|Do you know where your variables are?|
Toggling between two valuesby pernod (Chaplain)
|on May 05, 2003 at 17:17 UTC||Need Help??|
pernod has asked for the
wisdom of the Perl Monks concerning the following question:
In a recent discussion, a friend told me 'she was glad I was glad', to which I (of course) immediately replied that 'I was glad she was glad I was glad'. One thing led to another (well, not that....) and voila:
This thing takes an integer from the command line and writes a (possibly ridiculously long) string saying 'I am glad you are glad I am glad...' eg.
The point here is the little list that toggles between 'I am' and 'you are'. The above snippet solves this nicely, but I find it noisy. Having read something about closures recently I then came up with the following:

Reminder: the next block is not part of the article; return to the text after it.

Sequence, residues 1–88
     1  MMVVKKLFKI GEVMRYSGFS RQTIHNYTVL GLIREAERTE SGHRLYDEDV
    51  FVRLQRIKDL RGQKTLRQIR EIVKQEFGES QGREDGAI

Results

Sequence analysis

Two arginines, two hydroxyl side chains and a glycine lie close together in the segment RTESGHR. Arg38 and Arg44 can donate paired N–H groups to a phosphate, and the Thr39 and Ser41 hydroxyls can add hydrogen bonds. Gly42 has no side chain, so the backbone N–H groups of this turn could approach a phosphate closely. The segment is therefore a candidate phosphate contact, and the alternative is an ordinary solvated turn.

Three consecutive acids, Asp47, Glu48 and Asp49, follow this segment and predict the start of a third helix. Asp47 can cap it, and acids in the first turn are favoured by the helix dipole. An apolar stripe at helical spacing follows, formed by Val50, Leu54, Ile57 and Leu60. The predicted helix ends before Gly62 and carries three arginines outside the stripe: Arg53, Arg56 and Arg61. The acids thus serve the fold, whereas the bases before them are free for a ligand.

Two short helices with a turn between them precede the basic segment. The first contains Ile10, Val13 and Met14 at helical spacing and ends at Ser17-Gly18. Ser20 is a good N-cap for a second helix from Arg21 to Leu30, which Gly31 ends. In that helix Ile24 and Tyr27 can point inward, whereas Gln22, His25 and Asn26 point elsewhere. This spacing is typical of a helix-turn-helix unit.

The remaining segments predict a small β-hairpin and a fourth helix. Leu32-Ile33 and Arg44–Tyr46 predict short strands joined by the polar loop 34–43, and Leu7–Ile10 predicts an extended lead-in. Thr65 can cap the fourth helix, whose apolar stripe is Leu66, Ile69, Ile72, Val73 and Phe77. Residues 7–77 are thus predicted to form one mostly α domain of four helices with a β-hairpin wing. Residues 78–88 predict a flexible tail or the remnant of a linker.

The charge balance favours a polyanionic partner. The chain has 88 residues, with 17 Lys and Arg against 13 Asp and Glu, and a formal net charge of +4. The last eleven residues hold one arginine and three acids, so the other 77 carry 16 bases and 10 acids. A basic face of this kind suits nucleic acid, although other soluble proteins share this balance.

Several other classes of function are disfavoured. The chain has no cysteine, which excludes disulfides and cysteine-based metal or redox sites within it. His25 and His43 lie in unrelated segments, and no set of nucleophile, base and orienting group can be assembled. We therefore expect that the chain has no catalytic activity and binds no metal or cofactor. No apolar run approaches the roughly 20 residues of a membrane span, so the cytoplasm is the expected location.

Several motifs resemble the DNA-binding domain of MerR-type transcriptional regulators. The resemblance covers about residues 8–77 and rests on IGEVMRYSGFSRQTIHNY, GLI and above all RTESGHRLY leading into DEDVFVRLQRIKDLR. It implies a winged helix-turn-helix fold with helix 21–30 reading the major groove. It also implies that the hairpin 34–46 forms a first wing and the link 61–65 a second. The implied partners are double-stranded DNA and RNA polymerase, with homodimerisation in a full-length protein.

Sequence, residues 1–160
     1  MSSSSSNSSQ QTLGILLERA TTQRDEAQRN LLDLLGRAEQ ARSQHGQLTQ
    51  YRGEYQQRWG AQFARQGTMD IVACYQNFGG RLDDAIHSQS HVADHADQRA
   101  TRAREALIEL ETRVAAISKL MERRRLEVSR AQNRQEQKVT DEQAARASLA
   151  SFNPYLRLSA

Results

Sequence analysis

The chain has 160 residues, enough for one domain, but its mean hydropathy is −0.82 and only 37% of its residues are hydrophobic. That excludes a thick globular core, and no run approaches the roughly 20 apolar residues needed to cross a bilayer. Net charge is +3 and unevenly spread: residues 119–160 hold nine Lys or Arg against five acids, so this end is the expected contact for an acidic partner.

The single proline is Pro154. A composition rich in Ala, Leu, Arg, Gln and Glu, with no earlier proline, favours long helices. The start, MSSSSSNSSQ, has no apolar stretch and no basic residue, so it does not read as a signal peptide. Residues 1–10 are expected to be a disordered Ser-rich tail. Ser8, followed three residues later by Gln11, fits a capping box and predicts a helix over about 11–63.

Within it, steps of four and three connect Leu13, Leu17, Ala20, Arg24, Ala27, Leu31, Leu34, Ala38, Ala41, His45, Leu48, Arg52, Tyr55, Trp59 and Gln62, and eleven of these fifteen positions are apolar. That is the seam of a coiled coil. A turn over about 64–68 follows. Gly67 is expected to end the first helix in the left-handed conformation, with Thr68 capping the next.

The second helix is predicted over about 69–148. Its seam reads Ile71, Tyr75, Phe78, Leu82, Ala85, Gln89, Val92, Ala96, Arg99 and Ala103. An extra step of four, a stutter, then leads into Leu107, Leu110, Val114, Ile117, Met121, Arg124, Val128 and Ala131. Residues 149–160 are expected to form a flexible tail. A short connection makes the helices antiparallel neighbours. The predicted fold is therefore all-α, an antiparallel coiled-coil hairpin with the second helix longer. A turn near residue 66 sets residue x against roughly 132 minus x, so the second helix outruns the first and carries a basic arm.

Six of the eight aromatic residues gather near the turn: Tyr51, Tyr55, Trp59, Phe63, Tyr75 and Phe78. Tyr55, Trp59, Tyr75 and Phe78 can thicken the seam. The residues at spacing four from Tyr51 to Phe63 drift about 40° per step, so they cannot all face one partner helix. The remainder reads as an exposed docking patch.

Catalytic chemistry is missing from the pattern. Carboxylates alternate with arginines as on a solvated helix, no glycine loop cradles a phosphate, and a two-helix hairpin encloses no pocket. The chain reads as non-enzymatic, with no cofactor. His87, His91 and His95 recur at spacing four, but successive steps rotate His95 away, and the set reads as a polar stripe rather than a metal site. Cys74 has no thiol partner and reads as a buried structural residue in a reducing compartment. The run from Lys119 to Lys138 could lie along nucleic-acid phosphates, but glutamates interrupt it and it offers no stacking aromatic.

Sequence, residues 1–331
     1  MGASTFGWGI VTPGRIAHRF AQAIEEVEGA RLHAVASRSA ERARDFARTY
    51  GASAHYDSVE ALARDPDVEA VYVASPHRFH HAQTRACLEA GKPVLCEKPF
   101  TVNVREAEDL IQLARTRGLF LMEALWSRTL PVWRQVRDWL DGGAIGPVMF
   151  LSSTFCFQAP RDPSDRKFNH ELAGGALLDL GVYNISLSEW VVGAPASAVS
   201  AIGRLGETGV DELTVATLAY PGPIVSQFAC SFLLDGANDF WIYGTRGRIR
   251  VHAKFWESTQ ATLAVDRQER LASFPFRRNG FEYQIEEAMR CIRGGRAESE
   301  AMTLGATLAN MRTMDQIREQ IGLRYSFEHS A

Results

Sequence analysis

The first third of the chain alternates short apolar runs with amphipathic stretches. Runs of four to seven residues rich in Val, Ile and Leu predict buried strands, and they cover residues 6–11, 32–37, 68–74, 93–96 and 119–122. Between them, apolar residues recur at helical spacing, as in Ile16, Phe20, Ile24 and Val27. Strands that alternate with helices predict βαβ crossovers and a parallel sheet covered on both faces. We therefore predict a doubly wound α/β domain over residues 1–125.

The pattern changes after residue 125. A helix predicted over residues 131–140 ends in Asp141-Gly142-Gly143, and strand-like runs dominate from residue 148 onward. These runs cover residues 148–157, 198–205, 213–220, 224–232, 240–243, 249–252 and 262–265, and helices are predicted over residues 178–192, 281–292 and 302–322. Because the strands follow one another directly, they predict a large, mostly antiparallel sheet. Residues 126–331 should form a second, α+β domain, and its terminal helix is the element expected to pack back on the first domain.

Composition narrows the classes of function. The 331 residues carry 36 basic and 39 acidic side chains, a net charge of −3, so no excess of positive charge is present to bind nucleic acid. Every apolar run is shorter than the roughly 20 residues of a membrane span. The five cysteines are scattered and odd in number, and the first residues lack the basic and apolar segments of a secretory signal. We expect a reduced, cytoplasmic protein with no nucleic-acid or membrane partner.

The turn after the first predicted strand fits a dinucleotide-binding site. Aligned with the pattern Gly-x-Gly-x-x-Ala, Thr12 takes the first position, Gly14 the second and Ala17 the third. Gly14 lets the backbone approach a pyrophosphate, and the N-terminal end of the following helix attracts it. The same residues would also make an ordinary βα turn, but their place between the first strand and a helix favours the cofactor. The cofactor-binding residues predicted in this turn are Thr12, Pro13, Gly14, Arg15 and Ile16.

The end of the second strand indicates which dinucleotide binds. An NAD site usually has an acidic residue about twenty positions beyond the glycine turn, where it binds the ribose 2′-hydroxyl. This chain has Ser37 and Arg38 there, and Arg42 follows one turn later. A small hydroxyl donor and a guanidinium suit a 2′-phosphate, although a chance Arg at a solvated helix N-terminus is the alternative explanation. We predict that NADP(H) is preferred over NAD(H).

The code does the same (although the result is in norwegian), and I like this better as it results in only one word where I want the toggle. As a downside, the code's "framework" is extremely verbose.
How does one toggle between two values in a simple and elegant way? Not too long-winded? Not too obscure?
As a bonus question, why doesn't ...
... work under strict? It works with $head predeclared, but I'd rather not as one-liners are more neat. It seems to me that a statement like the above would define $head in the preceding line. Does a my statement inside a condition only apply to the following block? Not the logical "preceding block" to which the conditional is linked?
As a side note, I forgot why I named the variable $head. Now it makes sense, though, if only I knew why.